Wireless carriers in the United States operate as regulated common carriers when providing basic telecommunications services, such as voice telephone service, text messaging and speed dialing to services and content. Remarkably, stakeholders debate whether this clear cut regulatory status requires wireless carriers to provide service to any compatible handset, subject to a certification process to ensure that such use will not harm carrier networks.

Thirty-nine years ago the Federal Communications Commission (FCC) established its Carterfone policy establishing such a right for wireline subscribers. Consumers now take for granted the right to purchase their choice of telephones and other devices (e.g., computer modems, answering machines) and to attach them to wireline networks without carrier-imposed limitations. After announcing its Carterfone policy, the FCC identified ample consumer benefits and applied this fundamental right in several instances so that consumers can freely use their handsets to access services, applications and content. This fundamental right has accrued unquestionable benefits to consumers and the national economy.

Wireless operators have vigorously opposed efforts to convince the FCC that it should establish a wireless Carterfone policy. Opponents claim that Carterfone offered an industry-specific remedy to a monopoly environment where the Bell System controlled both the manufacture and distribution of telephones and telephone service. They assert that the lack of such vertical integration and the existence of robust competition in the wireless marketplace obviate the need for rules requiring carriers to unlock the handsets they sell and to open their networks for access by any compatible handset.

This paper explains why wireless Carterfone policy constitutes a long overdue policy response to carrier practices that often have nothing to do with protecting their networks from technical harm or other legitimate network management needs. For example, blocking the implementation of wireless Carterfone enables carriers to continue locking subscribers into two-year service contracts with substantial penalties for early termination. In exchange for the service commitment, consumers acquire a carrier-subsidized handset, but they also consent to carrier-imposed restrictions on the use of the handset they bought, including the ability to access telecommunications and content services of competitors even after the carrier has recouped its subsidy.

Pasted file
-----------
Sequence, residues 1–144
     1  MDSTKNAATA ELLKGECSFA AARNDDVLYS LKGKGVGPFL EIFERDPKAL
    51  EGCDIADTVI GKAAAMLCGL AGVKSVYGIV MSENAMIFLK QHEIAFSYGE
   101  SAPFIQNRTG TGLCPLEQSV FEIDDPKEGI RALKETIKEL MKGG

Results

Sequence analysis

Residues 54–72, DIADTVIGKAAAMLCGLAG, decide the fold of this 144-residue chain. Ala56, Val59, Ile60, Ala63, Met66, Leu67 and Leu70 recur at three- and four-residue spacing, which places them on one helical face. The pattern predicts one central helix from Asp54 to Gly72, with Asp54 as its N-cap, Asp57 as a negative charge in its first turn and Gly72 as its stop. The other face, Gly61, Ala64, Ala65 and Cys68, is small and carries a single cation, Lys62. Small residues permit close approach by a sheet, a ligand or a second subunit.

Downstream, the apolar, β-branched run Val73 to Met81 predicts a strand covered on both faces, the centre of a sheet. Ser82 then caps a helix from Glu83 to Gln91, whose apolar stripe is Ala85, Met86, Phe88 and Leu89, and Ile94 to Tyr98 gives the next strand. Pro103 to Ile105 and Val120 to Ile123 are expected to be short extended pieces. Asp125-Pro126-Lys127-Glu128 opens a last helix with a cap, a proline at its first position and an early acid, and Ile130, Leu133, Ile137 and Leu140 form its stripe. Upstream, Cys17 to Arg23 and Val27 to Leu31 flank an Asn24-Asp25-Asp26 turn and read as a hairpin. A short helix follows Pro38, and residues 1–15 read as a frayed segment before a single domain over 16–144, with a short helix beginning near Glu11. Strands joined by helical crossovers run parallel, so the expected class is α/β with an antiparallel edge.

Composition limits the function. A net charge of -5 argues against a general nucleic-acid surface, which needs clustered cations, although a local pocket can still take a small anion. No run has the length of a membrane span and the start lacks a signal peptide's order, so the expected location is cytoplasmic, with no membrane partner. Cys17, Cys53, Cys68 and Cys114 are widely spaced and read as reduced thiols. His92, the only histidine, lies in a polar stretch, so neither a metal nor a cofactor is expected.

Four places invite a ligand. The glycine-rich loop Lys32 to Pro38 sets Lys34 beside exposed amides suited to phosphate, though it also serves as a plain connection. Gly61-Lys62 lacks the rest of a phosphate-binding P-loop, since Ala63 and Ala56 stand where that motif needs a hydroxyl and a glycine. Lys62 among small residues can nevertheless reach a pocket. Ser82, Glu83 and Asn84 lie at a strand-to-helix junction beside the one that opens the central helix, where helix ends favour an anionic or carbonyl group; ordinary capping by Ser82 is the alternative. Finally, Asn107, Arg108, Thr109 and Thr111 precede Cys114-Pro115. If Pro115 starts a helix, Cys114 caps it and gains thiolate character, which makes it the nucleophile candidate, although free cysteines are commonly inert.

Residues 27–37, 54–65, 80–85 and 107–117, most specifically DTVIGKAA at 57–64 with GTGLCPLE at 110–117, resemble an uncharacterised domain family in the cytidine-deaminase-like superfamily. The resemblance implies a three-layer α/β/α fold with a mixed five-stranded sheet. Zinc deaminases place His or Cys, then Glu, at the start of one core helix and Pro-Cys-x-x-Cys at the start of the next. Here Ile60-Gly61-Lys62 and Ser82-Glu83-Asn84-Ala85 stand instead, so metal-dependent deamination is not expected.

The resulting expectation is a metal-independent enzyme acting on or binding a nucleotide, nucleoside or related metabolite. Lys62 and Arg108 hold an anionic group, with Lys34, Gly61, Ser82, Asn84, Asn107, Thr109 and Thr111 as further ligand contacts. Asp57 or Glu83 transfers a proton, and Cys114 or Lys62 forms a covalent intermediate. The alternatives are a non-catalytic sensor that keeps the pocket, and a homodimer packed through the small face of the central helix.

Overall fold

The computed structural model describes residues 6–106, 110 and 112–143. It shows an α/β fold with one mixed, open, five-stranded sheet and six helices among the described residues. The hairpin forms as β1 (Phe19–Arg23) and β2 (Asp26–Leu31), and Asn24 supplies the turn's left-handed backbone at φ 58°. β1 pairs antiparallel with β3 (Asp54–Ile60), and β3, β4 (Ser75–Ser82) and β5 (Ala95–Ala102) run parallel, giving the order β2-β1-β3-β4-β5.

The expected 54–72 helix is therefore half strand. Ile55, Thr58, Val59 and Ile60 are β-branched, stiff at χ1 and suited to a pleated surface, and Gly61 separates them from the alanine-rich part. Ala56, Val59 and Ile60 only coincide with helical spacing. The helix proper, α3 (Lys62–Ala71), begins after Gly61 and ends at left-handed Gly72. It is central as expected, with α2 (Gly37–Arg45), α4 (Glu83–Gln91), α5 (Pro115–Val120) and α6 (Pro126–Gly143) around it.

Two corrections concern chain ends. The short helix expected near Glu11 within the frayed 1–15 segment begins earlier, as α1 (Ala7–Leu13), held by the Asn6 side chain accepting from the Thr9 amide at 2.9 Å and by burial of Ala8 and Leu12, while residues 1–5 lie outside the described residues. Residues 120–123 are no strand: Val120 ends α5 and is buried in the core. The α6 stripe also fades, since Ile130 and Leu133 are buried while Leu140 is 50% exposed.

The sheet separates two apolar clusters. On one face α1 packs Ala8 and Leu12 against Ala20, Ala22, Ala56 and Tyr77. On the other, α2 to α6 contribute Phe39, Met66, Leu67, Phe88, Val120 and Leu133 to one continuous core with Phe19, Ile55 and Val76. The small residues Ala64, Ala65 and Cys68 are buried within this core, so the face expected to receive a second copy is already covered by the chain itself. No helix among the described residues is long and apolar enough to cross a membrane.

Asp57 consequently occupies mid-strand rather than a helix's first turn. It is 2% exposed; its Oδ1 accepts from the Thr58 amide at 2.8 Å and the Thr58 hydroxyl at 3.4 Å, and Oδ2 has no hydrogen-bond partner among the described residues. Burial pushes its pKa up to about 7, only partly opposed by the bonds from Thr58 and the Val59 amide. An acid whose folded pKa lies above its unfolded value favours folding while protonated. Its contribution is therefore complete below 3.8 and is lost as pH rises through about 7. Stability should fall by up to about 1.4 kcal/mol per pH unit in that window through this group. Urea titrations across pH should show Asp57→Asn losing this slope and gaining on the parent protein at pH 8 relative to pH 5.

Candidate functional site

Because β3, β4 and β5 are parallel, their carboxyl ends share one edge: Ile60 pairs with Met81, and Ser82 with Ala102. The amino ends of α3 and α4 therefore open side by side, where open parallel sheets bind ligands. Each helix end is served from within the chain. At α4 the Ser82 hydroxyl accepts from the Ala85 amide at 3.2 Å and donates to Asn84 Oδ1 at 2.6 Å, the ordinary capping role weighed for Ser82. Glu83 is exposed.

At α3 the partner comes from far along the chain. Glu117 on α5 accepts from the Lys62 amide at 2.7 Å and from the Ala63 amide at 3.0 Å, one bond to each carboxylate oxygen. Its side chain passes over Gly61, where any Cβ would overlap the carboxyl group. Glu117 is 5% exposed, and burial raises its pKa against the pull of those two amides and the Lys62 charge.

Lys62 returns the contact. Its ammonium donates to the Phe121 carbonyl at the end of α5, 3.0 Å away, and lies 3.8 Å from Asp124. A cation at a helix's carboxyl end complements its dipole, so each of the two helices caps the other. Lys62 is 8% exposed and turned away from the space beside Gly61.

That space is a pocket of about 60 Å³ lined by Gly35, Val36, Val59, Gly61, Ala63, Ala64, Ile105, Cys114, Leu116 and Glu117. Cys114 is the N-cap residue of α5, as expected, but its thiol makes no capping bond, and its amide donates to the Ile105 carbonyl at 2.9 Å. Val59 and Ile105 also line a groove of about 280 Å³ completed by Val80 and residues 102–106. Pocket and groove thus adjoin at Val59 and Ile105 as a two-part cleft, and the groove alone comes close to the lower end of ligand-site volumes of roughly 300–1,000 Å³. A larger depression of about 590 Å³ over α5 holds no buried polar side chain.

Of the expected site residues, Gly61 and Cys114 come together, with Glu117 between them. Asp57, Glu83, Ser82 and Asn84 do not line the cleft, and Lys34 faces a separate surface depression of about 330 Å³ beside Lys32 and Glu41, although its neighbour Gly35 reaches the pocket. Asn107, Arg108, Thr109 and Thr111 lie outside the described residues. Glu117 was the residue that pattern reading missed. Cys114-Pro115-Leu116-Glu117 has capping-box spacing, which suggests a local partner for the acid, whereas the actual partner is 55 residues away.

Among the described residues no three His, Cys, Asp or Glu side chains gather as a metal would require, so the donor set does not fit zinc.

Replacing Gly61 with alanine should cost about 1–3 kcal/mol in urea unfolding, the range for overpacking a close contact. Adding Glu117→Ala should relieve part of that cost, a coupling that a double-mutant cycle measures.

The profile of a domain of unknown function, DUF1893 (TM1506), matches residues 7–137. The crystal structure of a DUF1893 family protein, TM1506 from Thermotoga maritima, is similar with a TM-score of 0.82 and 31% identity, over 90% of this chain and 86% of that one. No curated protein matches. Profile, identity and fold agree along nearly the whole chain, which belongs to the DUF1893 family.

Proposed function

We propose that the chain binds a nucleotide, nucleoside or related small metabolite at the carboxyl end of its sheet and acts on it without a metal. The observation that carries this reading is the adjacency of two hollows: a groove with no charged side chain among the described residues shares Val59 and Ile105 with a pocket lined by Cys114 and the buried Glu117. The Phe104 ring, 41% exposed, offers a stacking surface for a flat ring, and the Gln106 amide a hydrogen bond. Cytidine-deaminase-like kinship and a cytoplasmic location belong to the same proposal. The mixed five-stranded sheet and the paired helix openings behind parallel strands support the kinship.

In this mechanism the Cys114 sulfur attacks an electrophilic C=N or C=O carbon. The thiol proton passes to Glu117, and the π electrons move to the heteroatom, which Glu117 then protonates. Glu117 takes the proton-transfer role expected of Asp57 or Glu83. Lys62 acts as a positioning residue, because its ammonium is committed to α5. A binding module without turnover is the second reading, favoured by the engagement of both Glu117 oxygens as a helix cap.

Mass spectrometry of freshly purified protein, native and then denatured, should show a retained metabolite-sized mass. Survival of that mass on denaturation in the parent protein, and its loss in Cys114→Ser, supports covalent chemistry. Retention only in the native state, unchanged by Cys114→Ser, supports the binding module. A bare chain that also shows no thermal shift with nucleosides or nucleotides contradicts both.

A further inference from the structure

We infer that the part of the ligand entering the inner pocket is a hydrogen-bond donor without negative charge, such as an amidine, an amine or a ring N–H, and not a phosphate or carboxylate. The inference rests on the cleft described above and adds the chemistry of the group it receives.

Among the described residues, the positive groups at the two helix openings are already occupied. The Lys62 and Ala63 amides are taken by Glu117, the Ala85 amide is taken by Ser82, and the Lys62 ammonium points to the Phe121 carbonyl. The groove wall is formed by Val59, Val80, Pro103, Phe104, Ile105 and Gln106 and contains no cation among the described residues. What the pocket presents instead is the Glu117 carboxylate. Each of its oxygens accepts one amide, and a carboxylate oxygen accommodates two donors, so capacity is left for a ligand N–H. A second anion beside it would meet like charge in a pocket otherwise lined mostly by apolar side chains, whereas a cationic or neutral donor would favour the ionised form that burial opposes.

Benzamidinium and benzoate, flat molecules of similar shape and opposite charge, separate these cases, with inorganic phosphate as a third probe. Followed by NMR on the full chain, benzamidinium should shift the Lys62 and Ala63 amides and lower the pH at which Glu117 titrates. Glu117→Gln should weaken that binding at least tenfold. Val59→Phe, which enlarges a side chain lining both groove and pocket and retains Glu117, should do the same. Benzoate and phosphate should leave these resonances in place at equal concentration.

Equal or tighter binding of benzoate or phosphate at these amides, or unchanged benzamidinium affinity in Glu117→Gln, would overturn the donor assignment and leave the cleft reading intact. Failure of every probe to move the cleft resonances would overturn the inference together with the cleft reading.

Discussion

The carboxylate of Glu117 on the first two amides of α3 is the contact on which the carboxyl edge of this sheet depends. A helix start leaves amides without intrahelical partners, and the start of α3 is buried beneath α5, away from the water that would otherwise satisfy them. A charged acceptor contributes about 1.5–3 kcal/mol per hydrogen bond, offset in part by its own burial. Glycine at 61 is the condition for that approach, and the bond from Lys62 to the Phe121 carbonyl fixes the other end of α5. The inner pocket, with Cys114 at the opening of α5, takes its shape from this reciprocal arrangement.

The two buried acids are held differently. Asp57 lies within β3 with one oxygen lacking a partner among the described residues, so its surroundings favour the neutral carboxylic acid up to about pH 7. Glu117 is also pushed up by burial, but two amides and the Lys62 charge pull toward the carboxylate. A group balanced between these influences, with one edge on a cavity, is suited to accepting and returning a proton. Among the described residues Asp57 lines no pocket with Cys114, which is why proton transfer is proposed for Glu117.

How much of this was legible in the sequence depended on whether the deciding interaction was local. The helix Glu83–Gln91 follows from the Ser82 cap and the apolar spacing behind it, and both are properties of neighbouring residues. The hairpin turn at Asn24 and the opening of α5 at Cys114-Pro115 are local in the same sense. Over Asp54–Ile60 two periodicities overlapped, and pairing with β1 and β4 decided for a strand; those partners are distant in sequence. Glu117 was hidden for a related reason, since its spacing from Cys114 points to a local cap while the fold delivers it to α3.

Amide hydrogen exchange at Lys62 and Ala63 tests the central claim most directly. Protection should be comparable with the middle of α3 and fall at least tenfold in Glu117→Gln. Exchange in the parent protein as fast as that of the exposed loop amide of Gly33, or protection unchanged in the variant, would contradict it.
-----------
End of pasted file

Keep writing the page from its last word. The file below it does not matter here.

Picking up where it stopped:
This analysis explains how wireless carriers benefit financially by avoiding Carterfone obligations and refutes the rationales and justifications for this behavior. The paper also demonstrates that the FCC has ample statutory authority to apply wireless Carterfone policy based on the largely ignored fact that when wireless cellular telephone companies provide telecommunications service, they remain subject to most common carrier regulations regardless of the fact that they also may offer less regulated information services. Finally, this report explains that wireless carriers must comply with public interest regulatory mandates even though they might conflict with carriers’ preferred business plans. The Commission has undertaken a number of analogous initiatives to protect consumers from mandatory bundling arrangements, such as its 2005 order mandating alternatives to cable set-top box leasing, which underscore the continued importance of Carterfone principles to protecting the public interest.

For the full working paper, please see the attached PDF below.

Wireless Carterfone Policy Paper from New America Foundation